The pig contemplated the chicken’s suggestion. “Easy for you to say.” said the pig. “For you, that’s a small contribution, but for me, it’s a total commitment!
In our scripture readings this morning, it’s a case of potential contributions versus total commitment. Elijah is about to be taken up to heaven.// Jesus sets his face toward Jerusalem//. Big changes are afoot and there is no turning back from being taken up – in a whirlwind/ or on the cross. The question for Elisha and for disciples of Jesus is: Will they go the distance with those they profess to follow? Who is going to be “all in”?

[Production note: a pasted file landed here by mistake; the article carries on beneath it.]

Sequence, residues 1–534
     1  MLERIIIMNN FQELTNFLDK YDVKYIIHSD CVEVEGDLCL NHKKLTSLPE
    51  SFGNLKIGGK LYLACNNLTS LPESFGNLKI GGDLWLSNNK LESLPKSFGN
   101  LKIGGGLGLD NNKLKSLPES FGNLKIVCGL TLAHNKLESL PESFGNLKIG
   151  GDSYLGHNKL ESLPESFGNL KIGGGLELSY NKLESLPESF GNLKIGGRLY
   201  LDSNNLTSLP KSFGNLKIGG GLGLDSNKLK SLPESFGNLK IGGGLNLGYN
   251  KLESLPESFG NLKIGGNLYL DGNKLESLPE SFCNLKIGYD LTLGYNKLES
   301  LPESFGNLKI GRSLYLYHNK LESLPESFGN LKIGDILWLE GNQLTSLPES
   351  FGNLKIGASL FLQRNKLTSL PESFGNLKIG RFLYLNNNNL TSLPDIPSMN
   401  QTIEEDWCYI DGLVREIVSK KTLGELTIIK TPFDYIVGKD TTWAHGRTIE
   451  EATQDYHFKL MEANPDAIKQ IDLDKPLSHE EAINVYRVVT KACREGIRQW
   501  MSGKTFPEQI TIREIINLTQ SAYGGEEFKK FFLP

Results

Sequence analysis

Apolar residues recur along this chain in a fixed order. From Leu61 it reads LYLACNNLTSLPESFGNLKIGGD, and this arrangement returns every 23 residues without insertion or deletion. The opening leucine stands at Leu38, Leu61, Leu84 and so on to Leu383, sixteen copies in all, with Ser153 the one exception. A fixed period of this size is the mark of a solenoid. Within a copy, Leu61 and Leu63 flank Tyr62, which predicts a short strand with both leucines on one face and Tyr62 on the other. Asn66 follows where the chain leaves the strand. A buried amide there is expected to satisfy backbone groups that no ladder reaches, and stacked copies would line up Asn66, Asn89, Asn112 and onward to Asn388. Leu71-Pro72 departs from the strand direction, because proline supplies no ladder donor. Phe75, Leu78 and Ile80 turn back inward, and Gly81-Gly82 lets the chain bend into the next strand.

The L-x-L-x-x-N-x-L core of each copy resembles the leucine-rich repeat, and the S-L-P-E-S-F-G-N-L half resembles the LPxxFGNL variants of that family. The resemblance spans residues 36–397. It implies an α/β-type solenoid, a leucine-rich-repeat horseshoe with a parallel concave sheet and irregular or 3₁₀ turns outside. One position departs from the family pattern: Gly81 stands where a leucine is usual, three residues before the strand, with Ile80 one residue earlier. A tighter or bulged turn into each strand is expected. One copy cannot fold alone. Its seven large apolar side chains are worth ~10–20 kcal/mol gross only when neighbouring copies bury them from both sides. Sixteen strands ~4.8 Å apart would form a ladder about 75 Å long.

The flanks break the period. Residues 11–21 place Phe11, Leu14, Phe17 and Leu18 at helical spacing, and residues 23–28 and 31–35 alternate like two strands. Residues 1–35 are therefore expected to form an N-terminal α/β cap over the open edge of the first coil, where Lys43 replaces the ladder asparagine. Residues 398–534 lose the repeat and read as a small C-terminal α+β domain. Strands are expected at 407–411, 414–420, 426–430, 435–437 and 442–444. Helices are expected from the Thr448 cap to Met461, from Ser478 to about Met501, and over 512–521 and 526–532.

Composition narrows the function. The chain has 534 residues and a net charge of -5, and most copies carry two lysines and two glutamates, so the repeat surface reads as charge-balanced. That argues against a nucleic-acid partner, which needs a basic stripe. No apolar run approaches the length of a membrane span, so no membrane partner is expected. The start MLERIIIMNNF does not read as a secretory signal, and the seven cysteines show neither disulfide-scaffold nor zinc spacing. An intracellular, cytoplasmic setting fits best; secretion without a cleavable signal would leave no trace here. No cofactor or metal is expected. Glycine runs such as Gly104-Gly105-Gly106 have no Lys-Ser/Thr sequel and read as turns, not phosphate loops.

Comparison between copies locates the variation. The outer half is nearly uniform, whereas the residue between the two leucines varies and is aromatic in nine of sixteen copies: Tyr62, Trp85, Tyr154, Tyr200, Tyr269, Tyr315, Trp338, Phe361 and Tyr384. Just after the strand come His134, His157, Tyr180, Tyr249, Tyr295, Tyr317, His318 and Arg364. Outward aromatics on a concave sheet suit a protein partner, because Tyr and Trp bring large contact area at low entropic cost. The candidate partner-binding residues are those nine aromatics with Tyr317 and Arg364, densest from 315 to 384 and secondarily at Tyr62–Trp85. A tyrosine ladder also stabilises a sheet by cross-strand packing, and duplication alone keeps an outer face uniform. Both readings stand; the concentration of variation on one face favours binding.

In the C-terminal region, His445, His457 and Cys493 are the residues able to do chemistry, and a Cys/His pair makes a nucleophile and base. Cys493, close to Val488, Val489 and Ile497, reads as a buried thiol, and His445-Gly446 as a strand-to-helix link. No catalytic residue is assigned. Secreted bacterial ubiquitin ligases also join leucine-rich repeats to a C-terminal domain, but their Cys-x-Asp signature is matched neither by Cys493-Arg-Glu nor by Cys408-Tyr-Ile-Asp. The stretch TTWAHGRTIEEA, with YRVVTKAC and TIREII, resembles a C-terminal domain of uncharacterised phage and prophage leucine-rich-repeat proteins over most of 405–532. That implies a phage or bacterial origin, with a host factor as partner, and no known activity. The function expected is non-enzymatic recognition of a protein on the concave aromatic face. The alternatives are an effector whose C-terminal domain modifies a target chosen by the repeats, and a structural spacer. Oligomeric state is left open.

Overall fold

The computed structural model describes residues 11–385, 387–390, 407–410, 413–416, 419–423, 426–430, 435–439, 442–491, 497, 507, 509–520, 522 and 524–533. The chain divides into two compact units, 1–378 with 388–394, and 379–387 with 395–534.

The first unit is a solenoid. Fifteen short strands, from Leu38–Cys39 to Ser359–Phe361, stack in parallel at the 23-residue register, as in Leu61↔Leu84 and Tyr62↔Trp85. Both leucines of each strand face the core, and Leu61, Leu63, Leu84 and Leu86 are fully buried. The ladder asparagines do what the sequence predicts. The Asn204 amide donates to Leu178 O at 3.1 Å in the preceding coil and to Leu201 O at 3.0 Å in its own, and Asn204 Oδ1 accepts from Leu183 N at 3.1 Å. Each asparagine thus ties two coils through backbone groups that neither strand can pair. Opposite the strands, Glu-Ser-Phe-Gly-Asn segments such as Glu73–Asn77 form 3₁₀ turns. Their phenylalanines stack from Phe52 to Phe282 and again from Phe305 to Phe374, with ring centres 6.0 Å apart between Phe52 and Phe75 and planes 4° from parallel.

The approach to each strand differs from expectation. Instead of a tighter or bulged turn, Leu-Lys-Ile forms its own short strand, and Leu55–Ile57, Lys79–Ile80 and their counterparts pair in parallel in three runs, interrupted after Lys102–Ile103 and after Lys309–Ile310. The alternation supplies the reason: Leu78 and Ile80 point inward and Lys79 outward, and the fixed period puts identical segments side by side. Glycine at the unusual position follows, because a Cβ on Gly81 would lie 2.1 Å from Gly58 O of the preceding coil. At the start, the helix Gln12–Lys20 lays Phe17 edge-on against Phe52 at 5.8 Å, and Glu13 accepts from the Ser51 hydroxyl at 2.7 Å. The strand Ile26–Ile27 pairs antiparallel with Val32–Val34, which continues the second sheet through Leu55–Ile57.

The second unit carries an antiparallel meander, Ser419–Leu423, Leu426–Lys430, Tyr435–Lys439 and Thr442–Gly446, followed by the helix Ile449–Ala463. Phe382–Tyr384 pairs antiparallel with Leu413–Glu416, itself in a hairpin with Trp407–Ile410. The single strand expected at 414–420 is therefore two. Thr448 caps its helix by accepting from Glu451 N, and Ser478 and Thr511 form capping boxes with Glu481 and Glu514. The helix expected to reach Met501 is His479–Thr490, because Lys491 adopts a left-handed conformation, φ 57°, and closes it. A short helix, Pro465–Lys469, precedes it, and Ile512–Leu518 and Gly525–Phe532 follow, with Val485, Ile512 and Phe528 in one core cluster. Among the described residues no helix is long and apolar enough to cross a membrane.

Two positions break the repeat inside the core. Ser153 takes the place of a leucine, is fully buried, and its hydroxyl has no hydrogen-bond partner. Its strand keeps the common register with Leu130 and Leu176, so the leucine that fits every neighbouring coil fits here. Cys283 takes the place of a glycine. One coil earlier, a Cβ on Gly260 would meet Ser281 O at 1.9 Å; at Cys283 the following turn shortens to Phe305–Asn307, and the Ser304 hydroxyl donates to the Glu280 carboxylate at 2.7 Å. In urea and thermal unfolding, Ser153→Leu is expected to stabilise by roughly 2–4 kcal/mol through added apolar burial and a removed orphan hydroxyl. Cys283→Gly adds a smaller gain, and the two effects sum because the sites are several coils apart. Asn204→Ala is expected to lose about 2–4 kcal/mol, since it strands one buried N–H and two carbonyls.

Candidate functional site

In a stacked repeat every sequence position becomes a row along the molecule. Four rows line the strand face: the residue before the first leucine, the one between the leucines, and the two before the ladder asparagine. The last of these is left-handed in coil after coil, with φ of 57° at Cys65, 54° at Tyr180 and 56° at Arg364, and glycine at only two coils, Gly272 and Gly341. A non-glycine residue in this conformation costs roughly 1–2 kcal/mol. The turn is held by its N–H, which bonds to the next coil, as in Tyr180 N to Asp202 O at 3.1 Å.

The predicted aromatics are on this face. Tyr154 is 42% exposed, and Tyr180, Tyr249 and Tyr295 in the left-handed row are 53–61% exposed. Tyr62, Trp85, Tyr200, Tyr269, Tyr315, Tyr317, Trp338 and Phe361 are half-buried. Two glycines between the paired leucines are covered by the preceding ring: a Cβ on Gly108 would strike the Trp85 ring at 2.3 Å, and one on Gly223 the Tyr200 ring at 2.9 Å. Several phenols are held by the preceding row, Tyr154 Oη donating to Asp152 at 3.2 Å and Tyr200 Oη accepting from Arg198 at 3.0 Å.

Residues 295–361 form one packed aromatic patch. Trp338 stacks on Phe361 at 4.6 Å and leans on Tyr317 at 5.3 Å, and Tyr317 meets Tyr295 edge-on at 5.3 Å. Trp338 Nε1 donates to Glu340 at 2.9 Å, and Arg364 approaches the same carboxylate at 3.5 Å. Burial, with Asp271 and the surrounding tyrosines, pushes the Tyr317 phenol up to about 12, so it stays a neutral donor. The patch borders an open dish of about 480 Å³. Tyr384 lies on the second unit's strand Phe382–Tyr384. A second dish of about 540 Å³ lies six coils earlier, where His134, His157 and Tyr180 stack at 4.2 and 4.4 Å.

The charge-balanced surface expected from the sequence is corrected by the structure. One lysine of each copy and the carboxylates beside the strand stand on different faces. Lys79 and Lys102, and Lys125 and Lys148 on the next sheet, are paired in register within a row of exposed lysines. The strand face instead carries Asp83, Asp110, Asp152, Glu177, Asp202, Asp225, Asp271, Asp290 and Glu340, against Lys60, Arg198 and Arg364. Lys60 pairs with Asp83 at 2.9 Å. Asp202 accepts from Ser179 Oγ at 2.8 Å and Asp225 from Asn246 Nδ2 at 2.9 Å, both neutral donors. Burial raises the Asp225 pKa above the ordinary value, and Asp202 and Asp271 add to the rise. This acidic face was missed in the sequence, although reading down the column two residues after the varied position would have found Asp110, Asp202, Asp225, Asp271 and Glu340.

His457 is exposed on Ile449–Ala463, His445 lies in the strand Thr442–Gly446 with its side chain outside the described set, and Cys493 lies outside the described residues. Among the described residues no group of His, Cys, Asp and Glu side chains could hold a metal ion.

To put our Old Testament scripture in context, prior to this morning’s readings, Elijah facilitated a dramatic demonstration of God’s power against the prophets of Baal in the return of rain after a long drought. While an impressive display of God’s sovereignty, it angered Queen Jezebel to the point that she was determined to exact revenge against Elijah. Afraid for his life, the prophet fled into the wilderness. There, he was refreshed by an angel and prepared for a forty-day journey to Mount Horeb. Upon reaching his destination, Elijah confessed that he believed himself to be the only faithful prophet remaining. Not content with his excuses, God told Elijah to go back home, anoint a couple kings and then call Elisha to succeed him as prophet. He would not be alone.